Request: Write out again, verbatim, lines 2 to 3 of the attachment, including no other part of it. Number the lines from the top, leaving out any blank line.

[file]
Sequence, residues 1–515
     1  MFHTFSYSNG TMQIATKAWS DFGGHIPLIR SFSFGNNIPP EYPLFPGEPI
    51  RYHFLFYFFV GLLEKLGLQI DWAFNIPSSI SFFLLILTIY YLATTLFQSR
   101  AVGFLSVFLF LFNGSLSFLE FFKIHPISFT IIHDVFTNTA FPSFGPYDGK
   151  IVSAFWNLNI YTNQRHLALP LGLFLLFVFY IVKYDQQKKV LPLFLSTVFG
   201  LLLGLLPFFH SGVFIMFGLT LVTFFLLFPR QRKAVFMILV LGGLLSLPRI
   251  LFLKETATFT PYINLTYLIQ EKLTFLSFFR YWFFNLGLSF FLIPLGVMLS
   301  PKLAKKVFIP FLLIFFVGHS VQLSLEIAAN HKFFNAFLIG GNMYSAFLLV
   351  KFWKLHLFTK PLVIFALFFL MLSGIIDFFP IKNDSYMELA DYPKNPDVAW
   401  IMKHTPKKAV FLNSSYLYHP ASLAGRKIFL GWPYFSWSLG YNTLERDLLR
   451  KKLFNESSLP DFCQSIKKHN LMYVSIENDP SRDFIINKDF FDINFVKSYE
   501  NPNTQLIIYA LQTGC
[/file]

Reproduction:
     1  MFHTFSYSNG TMQIATKAWS DFGGHIPLIR SFSFGNNIPP EYPLFPGEPI
    51  RYHFLFYFFV GLLEKLGLQI DWAFNIPSSI SFFLLILTIY YLATTLFQSR